Besides the official launch of its Galaxy Note10 series, Samsung also lifted the hood off the Galaxy Book S, its new thin and light notebook. While not the first notebook in the company’s portfolio, the notebook stands out from the crowd due to its internal hardware and battery life.
The Galaxy Book S runs on a Qualcomm Snapdragon chipset, but contrary to earlier reports, it is not the Snapdragon 855. Instead, the system runs on Qualcomm’s Snapdragon 8cx compute platform, an octa-core processor that is also based on Qualcomm’s 7nm process node. Running at a combined speed of 2.84GHz and 1.8GHz.
The Galaxy Book S also comes with 8GB LPDDR4X to help the main processor chug along, while storage comes in a choice of a 256GB or 512GB SSD. The storage capacity is also expandable by up to 1TB via the notebook’s on-board microSD card slot.
Another difference between the finished product and initial rumours is the operating system. The Galaxy Book S runs on a choice of either Windows 10 Home or Pro, and not the watered-down Windows 10 S that we had been led to believe. It’s an important distinction to note, especially if you’re someone looking for the full Windows 10 experience.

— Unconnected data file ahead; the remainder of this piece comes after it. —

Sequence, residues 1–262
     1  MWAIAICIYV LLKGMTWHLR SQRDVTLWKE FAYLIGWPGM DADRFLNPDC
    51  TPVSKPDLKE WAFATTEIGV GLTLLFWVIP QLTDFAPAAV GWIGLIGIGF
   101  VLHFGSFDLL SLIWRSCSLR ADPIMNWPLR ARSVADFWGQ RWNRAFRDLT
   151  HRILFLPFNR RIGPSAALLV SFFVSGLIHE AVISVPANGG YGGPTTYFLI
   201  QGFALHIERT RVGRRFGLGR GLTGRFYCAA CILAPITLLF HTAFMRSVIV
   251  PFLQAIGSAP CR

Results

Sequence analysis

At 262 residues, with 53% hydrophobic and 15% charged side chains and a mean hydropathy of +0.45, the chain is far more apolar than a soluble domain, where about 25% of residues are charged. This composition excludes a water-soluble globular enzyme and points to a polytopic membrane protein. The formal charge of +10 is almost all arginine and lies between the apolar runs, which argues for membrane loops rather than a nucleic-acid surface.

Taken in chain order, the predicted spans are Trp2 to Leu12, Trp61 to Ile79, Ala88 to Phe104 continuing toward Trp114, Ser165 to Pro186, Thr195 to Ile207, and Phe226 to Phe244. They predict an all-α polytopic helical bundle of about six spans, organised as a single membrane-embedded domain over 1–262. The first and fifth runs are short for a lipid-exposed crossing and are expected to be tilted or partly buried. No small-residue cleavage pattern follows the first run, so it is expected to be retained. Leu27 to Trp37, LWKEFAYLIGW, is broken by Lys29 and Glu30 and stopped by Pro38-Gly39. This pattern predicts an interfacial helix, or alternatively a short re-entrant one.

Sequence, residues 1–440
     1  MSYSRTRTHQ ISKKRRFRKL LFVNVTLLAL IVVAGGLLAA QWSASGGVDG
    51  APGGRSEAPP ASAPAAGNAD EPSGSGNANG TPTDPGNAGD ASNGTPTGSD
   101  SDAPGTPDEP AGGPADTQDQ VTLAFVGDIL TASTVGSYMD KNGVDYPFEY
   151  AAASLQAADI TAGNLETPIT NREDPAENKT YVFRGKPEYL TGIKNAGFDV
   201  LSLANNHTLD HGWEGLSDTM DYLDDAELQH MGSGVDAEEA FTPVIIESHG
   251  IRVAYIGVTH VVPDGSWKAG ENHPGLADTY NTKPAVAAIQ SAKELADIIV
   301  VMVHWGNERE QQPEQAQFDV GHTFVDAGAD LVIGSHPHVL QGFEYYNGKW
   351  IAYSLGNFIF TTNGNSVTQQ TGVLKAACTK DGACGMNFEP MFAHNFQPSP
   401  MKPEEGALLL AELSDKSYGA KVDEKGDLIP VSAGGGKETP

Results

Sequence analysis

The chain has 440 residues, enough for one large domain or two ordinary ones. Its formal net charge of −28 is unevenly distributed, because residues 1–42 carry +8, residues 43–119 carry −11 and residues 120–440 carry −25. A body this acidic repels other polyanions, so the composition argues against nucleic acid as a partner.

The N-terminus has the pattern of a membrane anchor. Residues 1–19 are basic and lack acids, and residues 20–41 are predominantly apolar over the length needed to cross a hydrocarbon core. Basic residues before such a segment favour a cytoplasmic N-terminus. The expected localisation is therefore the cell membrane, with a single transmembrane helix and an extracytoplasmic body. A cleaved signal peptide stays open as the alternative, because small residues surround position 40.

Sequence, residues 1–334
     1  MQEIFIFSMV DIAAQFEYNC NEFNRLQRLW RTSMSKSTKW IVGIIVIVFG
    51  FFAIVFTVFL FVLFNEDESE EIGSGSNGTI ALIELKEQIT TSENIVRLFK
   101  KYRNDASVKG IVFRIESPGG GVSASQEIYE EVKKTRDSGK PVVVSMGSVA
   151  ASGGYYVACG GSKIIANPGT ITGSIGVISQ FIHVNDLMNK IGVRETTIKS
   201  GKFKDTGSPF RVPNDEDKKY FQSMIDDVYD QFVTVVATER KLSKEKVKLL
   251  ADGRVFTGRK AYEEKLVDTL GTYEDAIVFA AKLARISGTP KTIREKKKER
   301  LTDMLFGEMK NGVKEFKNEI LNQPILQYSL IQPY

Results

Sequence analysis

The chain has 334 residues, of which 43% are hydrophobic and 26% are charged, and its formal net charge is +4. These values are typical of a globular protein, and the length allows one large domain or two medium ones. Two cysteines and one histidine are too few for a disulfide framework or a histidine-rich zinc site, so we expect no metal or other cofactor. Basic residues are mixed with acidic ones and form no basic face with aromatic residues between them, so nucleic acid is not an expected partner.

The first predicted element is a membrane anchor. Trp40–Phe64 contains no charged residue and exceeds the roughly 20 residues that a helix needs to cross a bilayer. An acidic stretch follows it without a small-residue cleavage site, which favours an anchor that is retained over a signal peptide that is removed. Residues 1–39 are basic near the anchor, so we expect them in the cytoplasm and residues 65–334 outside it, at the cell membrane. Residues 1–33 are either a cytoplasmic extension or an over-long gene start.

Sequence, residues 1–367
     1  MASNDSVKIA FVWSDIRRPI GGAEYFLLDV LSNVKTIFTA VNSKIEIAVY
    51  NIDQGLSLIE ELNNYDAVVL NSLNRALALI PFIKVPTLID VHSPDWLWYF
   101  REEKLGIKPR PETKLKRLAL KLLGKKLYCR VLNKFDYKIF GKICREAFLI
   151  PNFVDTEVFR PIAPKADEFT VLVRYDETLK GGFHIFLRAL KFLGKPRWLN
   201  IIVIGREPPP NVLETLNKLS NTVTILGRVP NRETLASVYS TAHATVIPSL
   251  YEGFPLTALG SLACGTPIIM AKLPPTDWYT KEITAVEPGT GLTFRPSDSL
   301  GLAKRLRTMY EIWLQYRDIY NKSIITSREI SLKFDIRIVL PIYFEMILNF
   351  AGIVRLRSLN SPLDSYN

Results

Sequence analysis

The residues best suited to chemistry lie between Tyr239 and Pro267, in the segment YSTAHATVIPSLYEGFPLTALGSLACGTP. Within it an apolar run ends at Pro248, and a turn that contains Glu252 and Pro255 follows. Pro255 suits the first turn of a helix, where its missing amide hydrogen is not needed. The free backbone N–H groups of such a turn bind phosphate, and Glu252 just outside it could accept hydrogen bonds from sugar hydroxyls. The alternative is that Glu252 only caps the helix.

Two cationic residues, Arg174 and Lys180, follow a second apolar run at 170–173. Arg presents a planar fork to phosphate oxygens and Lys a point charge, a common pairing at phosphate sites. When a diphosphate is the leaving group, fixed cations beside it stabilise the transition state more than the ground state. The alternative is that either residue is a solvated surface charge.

The Galaxy Book S features a 13.3-inch Full HD multi-touch display, and comes with Windows Hello sign-in, plus a fingerprint sensor for added security. More importantly, battery life is one of the notebook’s defining traits; on a full charge, Samsung says that its notebook can perform continuous video playback for as long as 23 hours. Considering that that’s for video playback alone, it’s likely that its standby time and regular use of it will have far better longevity.
Of course, it wouldn’t be a Samsung device without some audio offering from its AKG division. To that end, the Galaxy Book S comes with speakers tuned by AKG as well as Dolby Atmos.
The Samsung Galaxy Book S is expected to go on sale sometime between Q3 and Q4 this year, and will come in two colours, Earthy Gold and Mercury Grey. At the time of writing, Samsung Malaysia did not say when the device will be arriving on our shores, although it’s unlikely that it will. Considering that Samsung pulled out for the notebook market in Malaysia sometime back.